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Race Discrimination

#KnowYourRights – New Jersey Race Discrimination Law

People Protesting Race discrimination at the workplace or at a place of public accommodation can never be tolerated by any person, business or governmental agency. The New Jersey Law Against Discrimination makes clear that an employee has the right to work in a workplace free of harassment, discrimination and retaliation on the basis of race as well other protected characteristics. New Jersey law also prohibits persons from being discriminated on the basis of his or race in places of public accommodation. Unfortunately, some employers continue to allow, or even worse actually participate, in creating hostile environments that are discriminatory toward persons because of the color of their skin. Our New Jersey employment lawyers fight for the rights of employees against all forms of race discrimination whether they occur at work or outside the workplace in places of public accommodation.

The New Jersey Law Against Discrimination

The New Jersey Law Against Discrimination is considered one of the strongest state laws in the country in stopping discrimination in all its ugly forms. The New Jersey Law Against Discrimination makes it unlawful for an employer to deny the rights and privileges of any term or condition of an employee on the basis of race. The state law also makes it illegal for an employer to retaliate against an employee because he or she makes a good faith complaint of race discrimination and also in circumstances in which an employee is required to participate in a harassment investigation. The law also requires employers provide safe work environments that prevent employees from harassment on the basis of race and for employers to have systems in place that address and remediate any form of race discrimination. Race discrimination is also prohibited under the place in places of public accommodation. Finally, the New Jersey Equal Pay Act makes it unlawful to pay employees less than others who perform the same or similar work on account of his or her race.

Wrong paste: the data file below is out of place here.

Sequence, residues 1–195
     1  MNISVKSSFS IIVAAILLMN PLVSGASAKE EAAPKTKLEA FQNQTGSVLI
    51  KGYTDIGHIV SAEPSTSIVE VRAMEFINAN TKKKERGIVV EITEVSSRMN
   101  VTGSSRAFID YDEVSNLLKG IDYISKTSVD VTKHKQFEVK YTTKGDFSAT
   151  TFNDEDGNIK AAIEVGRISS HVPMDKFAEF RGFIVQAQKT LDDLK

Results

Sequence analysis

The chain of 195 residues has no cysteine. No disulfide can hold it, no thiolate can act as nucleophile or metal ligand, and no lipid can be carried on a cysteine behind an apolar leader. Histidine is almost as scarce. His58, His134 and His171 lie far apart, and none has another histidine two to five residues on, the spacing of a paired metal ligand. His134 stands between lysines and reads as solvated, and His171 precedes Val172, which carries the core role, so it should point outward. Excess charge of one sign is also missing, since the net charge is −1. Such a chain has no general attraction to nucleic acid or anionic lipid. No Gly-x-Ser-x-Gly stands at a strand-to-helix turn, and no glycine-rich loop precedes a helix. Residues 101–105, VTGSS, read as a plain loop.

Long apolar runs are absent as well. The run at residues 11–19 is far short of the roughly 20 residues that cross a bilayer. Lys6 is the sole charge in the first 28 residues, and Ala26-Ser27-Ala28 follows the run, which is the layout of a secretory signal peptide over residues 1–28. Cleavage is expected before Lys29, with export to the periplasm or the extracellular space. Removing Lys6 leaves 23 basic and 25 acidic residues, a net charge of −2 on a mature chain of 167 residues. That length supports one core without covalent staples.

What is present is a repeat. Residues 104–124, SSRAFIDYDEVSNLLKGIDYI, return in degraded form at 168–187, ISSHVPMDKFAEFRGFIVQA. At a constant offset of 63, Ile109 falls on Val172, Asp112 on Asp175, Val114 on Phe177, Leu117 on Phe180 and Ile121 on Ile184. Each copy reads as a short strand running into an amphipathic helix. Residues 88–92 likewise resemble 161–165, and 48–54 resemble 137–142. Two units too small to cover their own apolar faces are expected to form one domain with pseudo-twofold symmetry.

Unlawful Retaliation